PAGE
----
Huashan 1914 Creative Park, Taipei

The renovated buildings of Huashan 1914 Creative Park, Taipei

photography by: Omri Westmark

As any aficionado of art can tell, the metamorphosis of industrial zones into art districts has been a prevalent phenomenon around the world for some time now. With Taiwan’s culture of leisure becoming highly sophisticated in recent years, an increasing number of factories were in turn converted into recreational hubs. Nestled in the heart of Zhongzheng District, Huashan 1914 is a former winery that now serves as a full-fledged arts precinct, attracting artists and visitors alike.

As industries have been migrating to the fringes of big cities for the last couple of decades or so, closed-down factories all across Taiwan are now resurrected as enclaves of art and leisure, where local history serves as a backdrop for contemporary creativity.

 

Perhaps Taipei’s best example of this growing trend is a stylish recreational center in Zhongzheng District. As it names implies, Huashan 1914 Creative Park was founded in 1914, during the Japanese colonial era, as a privately-owned distillery, where rice and ginseng wines were produced. As the island’s colonial rulers monopolized the production of alcohol, the winery became under the direct control of the Japanese government and was later renamed as “Monopoly Bureau Taihoku Wine Factory”.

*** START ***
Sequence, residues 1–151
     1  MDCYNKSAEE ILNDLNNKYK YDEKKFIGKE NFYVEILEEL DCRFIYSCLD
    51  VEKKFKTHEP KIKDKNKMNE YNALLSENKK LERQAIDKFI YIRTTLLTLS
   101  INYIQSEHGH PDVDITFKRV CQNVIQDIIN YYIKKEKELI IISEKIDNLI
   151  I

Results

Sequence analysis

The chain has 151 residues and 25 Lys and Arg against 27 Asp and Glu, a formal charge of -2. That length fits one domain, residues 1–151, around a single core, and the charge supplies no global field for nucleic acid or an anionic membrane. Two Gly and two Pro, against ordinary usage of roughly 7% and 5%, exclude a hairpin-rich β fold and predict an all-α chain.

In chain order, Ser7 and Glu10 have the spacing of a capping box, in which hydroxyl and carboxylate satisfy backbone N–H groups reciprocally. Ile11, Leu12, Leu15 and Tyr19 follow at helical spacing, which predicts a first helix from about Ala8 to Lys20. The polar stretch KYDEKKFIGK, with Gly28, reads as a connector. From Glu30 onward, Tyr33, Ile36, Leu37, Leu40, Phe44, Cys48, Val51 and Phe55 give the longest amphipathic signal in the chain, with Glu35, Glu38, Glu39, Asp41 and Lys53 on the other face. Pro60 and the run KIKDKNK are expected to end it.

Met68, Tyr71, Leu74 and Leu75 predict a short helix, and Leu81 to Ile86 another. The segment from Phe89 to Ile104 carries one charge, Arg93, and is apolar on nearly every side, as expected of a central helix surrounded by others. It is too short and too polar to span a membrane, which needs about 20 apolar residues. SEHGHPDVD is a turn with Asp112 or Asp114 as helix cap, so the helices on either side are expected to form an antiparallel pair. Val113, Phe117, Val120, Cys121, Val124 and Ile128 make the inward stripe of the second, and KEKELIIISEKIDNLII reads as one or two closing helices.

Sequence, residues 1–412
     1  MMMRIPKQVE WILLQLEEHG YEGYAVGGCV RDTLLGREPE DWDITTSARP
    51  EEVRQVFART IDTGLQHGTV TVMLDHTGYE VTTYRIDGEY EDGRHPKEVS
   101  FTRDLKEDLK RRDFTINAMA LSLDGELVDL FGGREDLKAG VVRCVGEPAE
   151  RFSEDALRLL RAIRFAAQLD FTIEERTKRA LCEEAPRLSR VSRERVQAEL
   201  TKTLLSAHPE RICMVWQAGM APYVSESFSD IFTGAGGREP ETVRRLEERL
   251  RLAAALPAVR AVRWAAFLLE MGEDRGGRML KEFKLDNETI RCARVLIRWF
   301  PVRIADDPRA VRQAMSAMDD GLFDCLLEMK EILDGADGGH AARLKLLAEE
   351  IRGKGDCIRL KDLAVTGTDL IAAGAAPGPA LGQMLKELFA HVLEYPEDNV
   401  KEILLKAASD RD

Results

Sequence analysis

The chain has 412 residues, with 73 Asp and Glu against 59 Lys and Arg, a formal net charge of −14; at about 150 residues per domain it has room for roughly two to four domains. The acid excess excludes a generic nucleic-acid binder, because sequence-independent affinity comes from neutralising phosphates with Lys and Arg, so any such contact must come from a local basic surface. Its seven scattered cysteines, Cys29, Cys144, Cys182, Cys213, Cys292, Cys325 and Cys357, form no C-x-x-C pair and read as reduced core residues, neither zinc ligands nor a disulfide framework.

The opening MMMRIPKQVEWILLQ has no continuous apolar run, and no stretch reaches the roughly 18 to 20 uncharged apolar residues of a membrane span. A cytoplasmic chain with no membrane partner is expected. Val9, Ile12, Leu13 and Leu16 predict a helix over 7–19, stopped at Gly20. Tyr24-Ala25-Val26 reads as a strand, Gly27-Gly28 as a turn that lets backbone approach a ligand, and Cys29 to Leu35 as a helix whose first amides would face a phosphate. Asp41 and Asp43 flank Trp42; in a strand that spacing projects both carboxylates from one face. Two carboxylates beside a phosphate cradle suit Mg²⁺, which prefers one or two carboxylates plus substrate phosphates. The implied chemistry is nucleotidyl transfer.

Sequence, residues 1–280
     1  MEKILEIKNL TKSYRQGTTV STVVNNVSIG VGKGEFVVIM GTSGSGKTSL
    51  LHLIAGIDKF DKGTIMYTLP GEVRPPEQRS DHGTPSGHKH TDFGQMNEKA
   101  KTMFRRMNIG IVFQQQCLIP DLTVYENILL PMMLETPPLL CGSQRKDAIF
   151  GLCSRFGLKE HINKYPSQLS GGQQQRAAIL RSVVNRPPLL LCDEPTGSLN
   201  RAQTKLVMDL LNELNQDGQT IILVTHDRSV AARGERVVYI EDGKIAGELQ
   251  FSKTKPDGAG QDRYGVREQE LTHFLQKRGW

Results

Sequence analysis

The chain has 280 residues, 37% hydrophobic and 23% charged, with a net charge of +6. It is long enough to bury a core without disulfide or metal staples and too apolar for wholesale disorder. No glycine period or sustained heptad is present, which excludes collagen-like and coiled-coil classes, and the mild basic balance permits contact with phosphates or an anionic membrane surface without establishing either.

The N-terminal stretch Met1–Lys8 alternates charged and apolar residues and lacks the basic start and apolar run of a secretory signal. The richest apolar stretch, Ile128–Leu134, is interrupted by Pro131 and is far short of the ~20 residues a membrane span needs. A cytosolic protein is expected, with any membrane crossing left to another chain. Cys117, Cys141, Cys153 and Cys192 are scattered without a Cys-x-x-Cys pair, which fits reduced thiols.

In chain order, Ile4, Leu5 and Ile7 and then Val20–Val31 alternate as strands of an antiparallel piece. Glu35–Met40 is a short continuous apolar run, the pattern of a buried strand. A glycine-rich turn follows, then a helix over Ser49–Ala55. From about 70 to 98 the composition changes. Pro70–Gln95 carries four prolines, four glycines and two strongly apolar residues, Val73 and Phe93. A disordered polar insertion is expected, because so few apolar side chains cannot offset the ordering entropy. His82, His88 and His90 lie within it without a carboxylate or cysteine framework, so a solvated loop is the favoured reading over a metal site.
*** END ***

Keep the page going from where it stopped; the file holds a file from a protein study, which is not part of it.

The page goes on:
What first started as a lone liquor distillery soon expanded into an important industrial district with multiple facilities, including a camphor refinery, a smokestack and a fruit wine factory, just to name a few. Following the Japanese defeat in WWII, Taiwan’s newly-established ROC government seized control of the area, changing its name once again, to “Monopoly Bureau Taipei Wine Factory”.

 

In the years that followed, the distillery diversified its offerings, manufacturing also Taibai Liquor (cassava-based alcohol) and tobacco products, all part of a long-term strategy to stay relevant amid its ever-changing urban surroundings. Nonetheless, with an increasing concern due to pollution as well as soaring land prices, the factories were ultimately forced to relocate to the outskirts of Taipei.


In the following decade, the place changed its name to “Huashan District” and faced a complete demolition as authorities sought to erect the Legislative Yuan’s new building (the unicameral legislative body of Taiwan) at the premises. Amid massive protests by artists and local residents, the highly controversial plan was scrapped in favor of an arts district within the confines of the then abandoned factories.

 

Since its establishment in 2005, Huashan 1914 Creative Park has become a major venue for art exhibitions, cultural events and performances which take place inside the complex’s recently-renovated buildings, with the most notable of which being the Umay Theater. Peppered with a glut of whimsical sculptures and art installations, the park is also home to a growing number of trendy eateries, cafés, boutiques and knickknacks stores, where visitors can spend hours on end.

 

To make things even better, the complex is a mere short distance away from Central Art Park, a sculpture garden with dozens of oddly-shaped statues, including an oversized strawberry and a smattering of colorful totems.